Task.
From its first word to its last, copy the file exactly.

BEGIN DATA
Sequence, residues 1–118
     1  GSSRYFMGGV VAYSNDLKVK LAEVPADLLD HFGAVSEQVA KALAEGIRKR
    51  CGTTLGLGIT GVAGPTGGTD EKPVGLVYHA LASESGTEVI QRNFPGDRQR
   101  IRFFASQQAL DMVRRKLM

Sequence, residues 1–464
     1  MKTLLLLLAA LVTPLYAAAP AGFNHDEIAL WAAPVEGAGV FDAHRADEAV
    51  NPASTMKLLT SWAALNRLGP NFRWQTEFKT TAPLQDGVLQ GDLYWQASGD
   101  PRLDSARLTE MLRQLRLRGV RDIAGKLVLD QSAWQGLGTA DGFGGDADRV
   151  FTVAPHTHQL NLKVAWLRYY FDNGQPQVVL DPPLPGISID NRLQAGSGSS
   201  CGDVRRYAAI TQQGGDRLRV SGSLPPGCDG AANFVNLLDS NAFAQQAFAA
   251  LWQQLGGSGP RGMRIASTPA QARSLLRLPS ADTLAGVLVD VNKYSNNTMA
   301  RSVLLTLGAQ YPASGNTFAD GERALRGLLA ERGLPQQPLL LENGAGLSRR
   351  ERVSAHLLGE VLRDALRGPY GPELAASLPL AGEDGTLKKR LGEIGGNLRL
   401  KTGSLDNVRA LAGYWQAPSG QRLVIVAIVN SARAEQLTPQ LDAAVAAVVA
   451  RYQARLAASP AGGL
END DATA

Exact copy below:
Sequence, residues 1–118
     1  GSSRYFMGGV VAYSNDLKVK LAEVPADLLD HFGAVSEQVA KALAEGIRKR
    51  CGTTLGLGIT GVAGPTGGTD EKPVGLVYHA LASESGTEVI QRNFPGDRQR
   101  IRFFASQQAL DMVRRKLM

Sequence, residues 1–464
     1  MKTLLLLLAA LVTPLYAAAP AGFNHDEIAL WAAPVEGAGV FDAHRADEAV
    51  NPASTMKLLT SWAALNRLGP NFRWQTEFKT TAPLQDGVLQ GDLYWQASGD
   101  PRLDSARLTE MLRQLRLRGV RDIAGKLVLD QSAWQGLGTA DGFGGDADRV
   151  FTVAPHTHQL NLKVAWLRYY FDNGQPQVVL DPPLPGISID NRLQAGSGSS
   201  CGDVRRYAAI TQQGGDRLRV SGSLPPGCDG AANFVNLLDS NAFAQQAFAA
   251  LWQQLGGSGP RGMRIASTPA QARSLLRLPS ADTLAGVLVD VNKYSNNTMA
   301  RSVLLTLGAQ YPASGNTFAD GERALRGLLA ERGLPQQPLL LENGAGLSRR
   351  ERVSAHLLGE VLRDALRGPY GPELAASLPL AGEDGTLKKR LGEIGGNLRL
   401  KTGSLDNVRA LAGYWQAPSG QRLVIVAIVN SARAEQLTPQ LDAAVAAVVA
   451  RYQARLAASP AGGL